Roughly this time last year I sat down with a new client. She came in flustered having just bought a new home, she had a two year old son in her right hand a 3 month old daughter in her left hand; needless to say starting a renovation was rather daunting. The client had a conceptual idea for the home and a husband who was onboard for anything. Before I saw a single photo of their newly purchased home I was told “we want the home to have a calm Scandinavian country feel… but still modern”. Then the moment of surprise came, I was presented photos of house untouched since its 1930’s construction and a set of architectural plans for a renovation that looked like every mass builder would produce. First thing I asked the client was “If I can have your trust, would you let me throw out any preliminary work and let me start new?” The client said yes and everything else is history.
Knowing that the clients purchased their home to be close to her parents as well as the trendy neighborhood of Hintonburg, as opposed to loving the interior, I figured everything was fair game. I decided to tear down the dividing wall between the kitchen and the dining room. Turning the position of the kitchen 90 degrees so that Mom and Dad can watch the kids play in the backyard while prepping the meals and cooking was a huge advantage. Needing storage, but hating upper cabinets - a walk-in pantry was discreetly disguised behind the fridge. Opening up the kitchen to the backyard was important for creating an indoor outdoor space; this was accomplished by having to 8’-00 tall sets of navy blue French doors installed; flooding the space with light.
Refer to before picture 3 for comparision of previous view. Reference to the Blue French Doors installed.
Once we decided on a new floor plan and functionality for the spaces involved we needed to pick finishes. By now the client and I had been meeting weekly to discuss every detail from the flooring, to paint colour, to cabinet hardware. Knowing we wanted to maximize the amount of light and keep the Scandinavian feel, lots of white and blonde woods were used. A 6” wide wire-brushed white oak flooring was installed. Farrow & Ball No.2001 Strong White was used on all walls, ceiling and trim. The existing brick fireplace was painted in No.2001 as well to create subtle texture. All interior & exterior doors were then painted out in Farrow & Ball No.31 Railings for a deep inky blue black contrast. The kitchen cabinetry is a combination of natural quarter sawn white oak and matte lacquer maple all done in Astro’s House Brand cabinetry. Simple matte black square knobs complete with back-plate create a crisp graphic quality to warm bright kitchen. The counters are a combination of Caesarstone 1141 Pure White quartz created the low maintenance hardworking surface needed for a young family. Along the stove wall a subtle backsplash was installed. The marble mosaic from Montreal’s very own MUD Tile (sold exclusively via Astro), was used to create depth, elongated hexagon Rock Salt mosaic nods toward the Scandinavian arts and crafts movement. A simple drywall hood fan was used against the mosaic. The fan was painted out in Farrow & Ball’s No.269 Cabbage White to pull the pastel green out of the mosaic.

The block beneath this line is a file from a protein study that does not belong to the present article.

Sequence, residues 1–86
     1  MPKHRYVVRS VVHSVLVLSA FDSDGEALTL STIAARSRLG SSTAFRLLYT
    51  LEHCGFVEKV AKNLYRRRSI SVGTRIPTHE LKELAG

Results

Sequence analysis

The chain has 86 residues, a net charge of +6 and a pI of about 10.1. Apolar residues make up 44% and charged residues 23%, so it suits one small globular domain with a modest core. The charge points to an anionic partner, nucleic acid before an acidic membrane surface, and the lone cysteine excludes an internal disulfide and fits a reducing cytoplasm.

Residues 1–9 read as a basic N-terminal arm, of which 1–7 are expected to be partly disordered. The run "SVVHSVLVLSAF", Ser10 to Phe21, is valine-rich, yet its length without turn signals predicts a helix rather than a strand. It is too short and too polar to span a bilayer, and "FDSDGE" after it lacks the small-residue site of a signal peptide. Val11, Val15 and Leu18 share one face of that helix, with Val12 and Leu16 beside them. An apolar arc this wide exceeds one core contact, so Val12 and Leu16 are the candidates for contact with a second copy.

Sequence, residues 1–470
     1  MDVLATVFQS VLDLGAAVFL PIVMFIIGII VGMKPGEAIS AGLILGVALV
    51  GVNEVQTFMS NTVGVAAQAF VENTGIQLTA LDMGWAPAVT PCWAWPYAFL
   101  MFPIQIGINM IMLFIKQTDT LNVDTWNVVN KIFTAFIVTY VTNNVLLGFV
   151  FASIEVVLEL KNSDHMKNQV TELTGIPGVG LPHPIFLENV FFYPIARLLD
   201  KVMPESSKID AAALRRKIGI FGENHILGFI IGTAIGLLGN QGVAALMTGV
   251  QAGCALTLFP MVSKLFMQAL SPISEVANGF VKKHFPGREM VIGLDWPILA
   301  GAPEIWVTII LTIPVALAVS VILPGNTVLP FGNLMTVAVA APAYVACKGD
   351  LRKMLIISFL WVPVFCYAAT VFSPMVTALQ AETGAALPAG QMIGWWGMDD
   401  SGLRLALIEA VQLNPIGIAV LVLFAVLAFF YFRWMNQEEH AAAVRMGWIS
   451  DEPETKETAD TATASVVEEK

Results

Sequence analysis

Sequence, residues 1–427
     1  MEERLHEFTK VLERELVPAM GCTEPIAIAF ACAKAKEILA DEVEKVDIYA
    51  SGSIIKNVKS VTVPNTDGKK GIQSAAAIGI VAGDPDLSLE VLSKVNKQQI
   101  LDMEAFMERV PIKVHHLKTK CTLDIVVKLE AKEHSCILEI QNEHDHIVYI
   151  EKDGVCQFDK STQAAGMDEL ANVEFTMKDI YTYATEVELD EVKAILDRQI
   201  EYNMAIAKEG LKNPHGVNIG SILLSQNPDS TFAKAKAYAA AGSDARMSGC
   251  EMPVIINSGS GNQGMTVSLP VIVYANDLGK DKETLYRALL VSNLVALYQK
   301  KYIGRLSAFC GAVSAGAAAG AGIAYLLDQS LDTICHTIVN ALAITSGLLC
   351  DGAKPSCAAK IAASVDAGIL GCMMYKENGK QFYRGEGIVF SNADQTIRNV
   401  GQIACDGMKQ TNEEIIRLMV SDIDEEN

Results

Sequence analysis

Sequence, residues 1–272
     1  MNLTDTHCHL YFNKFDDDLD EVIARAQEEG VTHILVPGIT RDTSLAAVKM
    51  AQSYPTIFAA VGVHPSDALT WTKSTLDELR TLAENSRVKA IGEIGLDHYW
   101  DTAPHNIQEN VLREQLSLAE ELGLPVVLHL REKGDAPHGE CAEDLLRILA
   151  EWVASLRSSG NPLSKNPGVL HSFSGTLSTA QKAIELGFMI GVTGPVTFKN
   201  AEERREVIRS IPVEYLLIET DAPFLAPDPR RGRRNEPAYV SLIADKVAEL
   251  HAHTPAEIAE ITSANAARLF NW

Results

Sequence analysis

Refer to before picture 2 for comparision of previous view. Reference to the Hood Fan & Mud Tile Backsplash.
By October of this year the clients were happily moved in to their new home. Having recently stopped by to visit the finished project I found myself standing in a kitchen that while brand new felt as though it had always been there. The renovated house was now a home for a young family to grow in. In the end, success is the only word that comes to mind.
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Photos by Doublespace Photography